More than anything, Bert  encourages other friends who use wheelchairs to not be afraid to get out and  enjoy life! “All of us are using a wheelchair now, and a lot of times, it’s not  fair,” Bert says. “Once you go home from rehab you have two choices to make – If  you go home and say, life sucks, it will. Or you can go home and say, These are  the cards I was dealt, and I’m going to make the most of them. If that’s the  choice you make, you’ll be OK. What choice are YOU going to make?”

Bert often takes his own advice,  travelling cross-country on a regular basis for LASCI events nationwide.

lasci logoLearn More at LASCI

The free articles and online  peer support  programs available  through LASCI often answer personal questions regarding dating, marriage,  sports, jobs, and more. For more LASCI resources, please visit or join more than 19,000 LASCI  members on Facebook at

About UroMed Catheters
Headquartered in Suwanee, GA [a suburb of Atlanta], UroMed is one of the nation’s leading providers of single-use catheters, urological and disposable medical supplies, including intermittent catheters, closed system catheters, condom catheters, pediatric catheters and continence care products. UroMed is nationally accredited for Medicare reimbursement and most state Medicaid plans, and partners with private health insurance providers and health plans to provide patients with single-use catheters, catheter kits and incontinence products. UroMed also has seven staffed regional offices located in Boston, MA; Columbia, SC; Jacksonville, FL; Dallas, TX; Carlsbad, CA; Knoxville, TN; Richmond, VA; and Baton Rouge, LA; enabling next-day delivery after a customer’s initial medical supply order. For more information, please visit or call 1-800-841-1233.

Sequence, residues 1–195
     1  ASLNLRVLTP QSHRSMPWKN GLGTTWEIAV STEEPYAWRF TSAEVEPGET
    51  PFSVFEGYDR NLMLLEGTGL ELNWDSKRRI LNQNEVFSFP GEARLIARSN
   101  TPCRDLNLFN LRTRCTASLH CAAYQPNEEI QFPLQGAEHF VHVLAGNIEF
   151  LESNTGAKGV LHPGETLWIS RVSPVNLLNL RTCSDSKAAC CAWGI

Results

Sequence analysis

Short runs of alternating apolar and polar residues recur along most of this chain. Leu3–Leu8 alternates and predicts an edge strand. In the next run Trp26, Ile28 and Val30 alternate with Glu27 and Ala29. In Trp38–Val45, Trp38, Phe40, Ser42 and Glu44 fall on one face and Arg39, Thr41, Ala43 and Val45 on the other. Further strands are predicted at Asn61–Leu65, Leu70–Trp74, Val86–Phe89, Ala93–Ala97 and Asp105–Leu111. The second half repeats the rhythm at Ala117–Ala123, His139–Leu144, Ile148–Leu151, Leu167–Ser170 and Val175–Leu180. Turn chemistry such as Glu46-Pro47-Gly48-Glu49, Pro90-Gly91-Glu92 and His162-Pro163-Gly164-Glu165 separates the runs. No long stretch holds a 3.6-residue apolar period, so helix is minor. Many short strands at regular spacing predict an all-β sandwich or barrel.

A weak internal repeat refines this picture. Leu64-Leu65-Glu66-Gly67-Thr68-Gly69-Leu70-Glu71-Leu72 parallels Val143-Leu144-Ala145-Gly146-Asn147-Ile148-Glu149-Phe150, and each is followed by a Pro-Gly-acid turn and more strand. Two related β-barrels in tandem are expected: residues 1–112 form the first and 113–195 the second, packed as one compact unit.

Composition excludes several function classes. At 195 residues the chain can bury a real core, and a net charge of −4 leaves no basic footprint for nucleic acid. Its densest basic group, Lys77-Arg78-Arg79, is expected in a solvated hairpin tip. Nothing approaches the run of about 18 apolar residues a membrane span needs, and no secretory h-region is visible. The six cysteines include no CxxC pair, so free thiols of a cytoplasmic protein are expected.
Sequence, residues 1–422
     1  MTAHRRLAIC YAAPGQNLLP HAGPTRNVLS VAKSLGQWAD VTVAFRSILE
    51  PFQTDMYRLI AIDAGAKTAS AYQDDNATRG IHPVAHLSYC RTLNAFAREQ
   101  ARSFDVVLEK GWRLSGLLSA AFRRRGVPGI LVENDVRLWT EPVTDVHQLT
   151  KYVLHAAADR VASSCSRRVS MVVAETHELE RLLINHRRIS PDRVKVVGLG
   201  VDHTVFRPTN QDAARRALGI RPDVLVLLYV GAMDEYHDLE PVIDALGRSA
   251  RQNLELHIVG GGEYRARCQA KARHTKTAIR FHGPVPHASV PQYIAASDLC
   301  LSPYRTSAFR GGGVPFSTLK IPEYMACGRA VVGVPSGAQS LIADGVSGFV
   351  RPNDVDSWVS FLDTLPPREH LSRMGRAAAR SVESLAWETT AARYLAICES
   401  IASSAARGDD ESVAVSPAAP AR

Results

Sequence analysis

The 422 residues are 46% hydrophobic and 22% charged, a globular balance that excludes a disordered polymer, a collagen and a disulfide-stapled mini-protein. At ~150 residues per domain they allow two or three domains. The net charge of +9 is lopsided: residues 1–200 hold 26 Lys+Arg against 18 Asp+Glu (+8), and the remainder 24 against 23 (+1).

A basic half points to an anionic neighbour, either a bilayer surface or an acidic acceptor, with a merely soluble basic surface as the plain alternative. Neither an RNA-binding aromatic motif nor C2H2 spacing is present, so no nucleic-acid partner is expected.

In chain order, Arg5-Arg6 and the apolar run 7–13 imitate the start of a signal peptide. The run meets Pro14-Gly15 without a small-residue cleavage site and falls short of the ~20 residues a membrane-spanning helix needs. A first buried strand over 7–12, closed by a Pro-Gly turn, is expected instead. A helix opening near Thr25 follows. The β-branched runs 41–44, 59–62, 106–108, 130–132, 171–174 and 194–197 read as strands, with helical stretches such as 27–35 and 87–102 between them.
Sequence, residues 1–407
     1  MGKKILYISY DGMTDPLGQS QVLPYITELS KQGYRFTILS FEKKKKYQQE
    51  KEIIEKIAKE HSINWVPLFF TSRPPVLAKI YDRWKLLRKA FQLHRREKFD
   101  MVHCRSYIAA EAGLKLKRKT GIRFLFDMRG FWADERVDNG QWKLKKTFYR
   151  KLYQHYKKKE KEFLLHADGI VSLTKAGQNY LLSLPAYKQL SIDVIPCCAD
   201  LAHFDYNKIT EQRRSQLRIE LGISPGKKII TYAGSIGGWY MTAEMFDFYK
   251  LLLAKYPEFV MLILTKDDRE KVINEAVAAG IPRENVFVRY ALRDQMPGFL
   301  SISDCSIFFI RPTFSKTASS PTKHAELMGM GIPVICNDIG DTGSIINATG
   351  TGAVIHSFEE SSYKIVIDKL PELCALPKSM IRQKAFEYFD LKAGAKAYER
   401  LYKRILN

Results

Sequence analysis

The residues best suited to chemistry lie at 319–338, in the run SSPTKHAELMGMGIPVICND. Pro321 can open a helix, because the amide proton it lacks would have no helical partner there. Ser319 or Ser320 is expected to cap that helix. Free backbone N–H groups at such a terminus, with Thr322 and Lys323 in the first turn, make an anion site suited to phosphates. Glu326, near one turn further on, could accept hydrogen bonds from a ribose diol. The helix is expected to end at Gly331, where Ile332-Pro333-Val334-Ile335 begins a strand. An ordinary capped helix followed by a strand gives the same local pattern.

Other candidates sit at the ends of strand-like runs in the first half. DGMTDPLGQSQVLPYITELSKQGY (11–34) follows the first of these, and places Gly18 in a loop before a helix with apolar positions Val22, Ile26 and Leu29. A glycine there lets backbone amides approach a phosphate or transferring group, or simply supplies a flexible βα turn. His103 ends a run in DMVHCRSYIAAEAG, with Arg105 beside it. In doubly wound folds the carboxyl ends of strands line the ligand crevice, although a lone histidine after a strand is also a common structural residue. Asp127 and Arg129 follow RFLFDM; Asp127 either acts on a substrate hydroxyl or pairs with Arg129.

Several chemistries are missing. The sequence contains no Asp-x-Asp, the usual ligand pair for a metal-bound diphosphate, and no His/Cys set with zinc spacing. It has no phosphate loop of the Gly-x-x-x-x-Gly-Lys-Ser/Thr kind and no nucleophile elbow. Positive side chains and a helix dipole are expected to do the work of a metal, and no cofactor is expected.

One Response to Travel Tips from Bert Burns: Paralympian, World-Traveler, LASCI Founder and Father of Twins

  1. Joshua says:

    Cool article – brings me back to when I used to home swap whenever I traveled. Good ole